Mission and Direction
The Advanced MicroSystems and Circuits (AMSaC) group was formed at Michigan State University in 2001 by Dr. Andrew Mason. Since its founding, mission of this research group has been to develop innovative integrated circuit and microsystem approaches that enable a bridging between novel nano/micro-sensor technologies and high impact biomedical and environmental applications. While members of the AMSaC group typically develop expertise in solid-state devices, microelectronics, and microfabrication techniques, an inherent focus of the group is system-level integration of principles from multiple science/engineering/medicine disciplines across multiple design scales, from nano-technologies to software architectures, to address the challenges of autonomous wearable/implantable sensory microsystem. To that end, in recent years, we have greatly expanded our contributions in hardware efficient machine learning algorithms for embedded real-time signal processing of sensor and sensor array responses.
One area of major contribution for the AMSaC group is miniaturized electrochemical sensor arrays featuring nanostructured biological and chemical interfaces. From the development of electrochemical instrumentation circuits with a variety of high performance characteristics to pioneering lab-on-CMOS platforms for integration of sensor arrays with high density microfluidics, we continue to explore innovative approaches that enable electrochemical sensing techniques to resolve the growing demand for biological and chemical sensors in real-world applications.
Other areas of significant contribution include brain-machine-interface (BMI) and sensor technologies for biomedical research. Our work in the BMI field of has focused primarily on implantable neural recording and hardware-efficient spike sorting methods where we have pioneered approaches for massively high channel count recording arrays and recently directed efforts toward adaptive neurotechnologies. Our work in biosensor technologies has focused on development of instrumentation circuits and sensing platforms suitable to record the behavior of membrane protein arrays with many applications to biomedical research and new laboratory and clinical platforms to study and treat antibiotic resistance.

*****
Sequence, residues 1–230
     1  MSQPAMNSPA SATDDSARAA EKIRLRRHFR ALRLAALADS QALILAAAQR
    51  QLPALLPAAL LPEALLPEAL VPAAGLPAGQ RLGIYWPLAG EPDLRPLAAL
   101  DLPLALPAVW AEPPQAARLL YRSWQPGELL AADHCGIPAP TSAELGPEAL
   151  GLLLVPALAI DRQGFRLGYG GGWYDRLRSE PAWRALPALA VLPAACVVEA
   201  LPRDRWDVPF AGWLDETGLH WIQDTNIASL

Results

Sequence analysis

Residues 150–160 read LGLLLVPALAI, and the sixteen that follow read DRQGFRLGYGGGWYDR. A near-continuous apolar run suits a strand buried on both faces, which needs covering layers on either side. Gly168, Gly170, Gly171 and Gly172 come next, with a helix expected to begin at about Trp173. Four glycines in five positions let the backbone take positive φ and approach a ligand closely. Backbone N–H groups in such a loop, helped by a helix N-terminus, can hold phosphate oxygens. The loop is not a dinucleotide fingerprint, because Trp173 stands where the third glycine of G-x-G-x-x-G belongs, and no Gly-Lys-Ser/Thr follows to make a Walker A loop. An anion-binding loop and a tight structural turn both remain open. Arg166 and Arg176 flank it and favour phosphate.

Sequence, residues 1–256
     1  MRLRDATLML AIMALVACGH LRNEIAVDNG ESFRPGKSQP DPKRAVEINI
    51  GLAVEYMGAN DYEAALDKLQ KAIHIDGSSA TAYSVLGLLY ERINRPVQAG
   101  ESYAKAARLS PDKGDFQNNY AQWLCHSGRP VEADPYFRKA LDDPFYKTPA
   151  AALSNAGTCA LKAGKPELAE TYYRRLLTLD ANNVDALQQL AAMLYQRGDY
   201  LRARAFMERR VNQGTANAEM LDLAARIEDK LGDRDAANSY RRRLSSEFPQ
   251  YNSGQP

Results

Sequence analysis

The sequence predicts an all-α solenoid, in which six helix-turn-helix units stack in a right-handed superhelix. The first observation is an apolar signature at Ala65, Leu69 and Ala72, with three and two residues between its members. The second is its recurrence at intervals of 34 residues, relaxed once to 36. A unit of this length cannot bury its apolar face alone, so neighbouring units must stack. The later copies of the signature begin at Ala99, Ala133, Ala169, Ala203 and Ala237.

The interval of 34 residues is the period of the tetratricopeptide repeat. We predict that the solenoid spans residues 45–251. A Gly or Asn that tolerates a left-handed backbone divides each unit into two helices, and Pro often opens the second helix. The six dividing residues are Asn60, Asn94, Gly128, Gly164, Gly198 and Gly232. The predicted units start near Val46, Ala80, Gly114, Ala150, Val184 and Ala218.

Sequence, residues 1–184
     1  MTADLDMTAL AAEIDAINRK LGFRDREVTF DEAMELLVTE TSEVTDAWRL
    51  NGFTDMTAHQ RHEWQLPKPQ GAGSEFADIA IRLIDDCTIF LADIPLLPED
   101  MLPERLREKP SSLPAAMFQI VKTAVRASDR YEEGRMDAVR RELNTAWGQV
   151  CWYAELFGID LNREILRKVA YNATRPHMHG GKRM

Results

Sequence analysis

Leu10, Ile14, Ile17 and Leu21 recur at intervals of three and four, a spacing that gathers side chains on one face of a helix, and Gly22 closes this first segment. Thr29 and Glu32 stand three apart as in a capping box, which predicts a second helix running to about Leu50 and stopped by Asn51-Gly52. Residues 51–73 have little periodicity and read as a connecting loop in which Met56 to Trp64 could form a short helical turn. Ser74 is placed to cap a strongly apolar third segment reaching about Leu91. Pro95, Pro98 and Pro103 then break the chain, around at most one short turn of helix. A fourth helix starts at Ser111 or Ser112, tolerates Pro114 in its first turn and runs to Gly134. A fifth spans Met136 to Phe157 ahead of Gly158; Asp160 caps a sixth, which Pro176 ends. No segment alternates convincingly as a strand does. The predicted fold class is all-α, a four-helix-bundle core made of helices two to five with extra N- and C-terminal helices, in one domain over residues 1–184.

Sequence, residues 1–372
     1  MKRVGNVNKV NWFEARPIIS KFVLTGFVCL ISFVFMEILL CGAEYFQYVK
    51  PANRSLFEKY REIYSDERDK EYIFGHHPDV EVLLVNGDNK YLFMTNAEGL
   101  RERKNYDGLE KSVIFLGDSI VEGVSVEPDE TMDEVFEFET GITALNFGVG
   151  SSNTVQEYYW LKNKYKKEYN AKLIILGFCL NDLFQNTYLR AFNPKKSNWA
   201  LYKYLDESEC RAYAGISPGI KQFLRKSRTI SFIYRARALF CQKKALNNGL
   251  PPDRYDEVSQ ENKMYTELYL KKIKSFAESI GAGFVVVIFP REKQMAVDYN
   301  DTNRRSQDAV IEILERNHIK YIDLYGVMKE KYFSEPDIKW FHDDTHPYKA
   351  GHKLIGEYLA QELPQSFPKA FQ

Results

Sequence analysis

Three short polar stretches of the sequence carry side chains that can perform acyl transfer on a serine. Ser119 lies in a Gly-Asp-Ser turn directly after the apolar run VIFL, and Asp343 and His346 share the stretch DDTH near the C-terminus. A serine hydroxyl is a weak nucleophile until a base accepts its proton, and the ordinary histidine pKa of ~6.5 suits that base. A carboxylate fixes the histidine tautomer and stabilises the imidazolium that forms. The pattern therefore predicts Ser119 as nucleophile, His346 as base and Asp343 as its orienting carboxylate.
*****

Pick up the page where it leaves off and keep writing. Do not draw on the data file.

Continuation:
Research in the AMSaC group has historically focused on applications of human health and safety. While we continue this focus, we also strive to contribute to the environmental monitoring and related technologies that will help the world manage the impacts of climate change and adapt to a carbon-free future with energy-efficient smart sensor assistive devices.
Inherent to the multidisciplinary nature of work in the AMSaC group is the close affiliation with many other researchers and research groups. Our research partners and collaborators include:
- Centre for Bio-Inspired Technology, Imperial College London, UK
- Center for Wireless Integrated MicroSensing and Systems, University of Michigan, USA
- Dr. Xiangqun Zeng, Department of Chemistry, Oakland University (Rochester, MI, USA)
- Dr. Peter Lillehoj, Mechanical Engineering, Michigan State University (E. Lansing, MI, USA)
- Dr. J. Tim Dvonch, Environmental Health Sciences, University of Michigan (Ann Arbor, MI, USA)
- Dr. Wen Li, Electrical Engineering, Michigan State University (E. Lansing, MI, USA)
- Dr. R. Mark Worden, Chemical Engineering, Michigan State University (E. Lansing, MI, USA)
The AMSaC group currently occupies ~1500 sq. ft. of laboratory space in MSU’s Engineering Building. Room 1522 is dedicated to microelectronics testing and system integration activities. Room 2203 is dedicated to design efforts and algorithm/software integration activities. We also share space in room 2150 with Dr. Li for microfabrication and chemical testing. Other microfabrication activities utilize the following cleanroom facilities:
- Keck Microfabrication Facility at MSU
- Electrical and Computer Engineering Research Cleanroom at MSU
- Lurie Nanofabrication Facility (LNF) at University of Michigan
For a complete list of equipment available in the AMSaC labs, click here.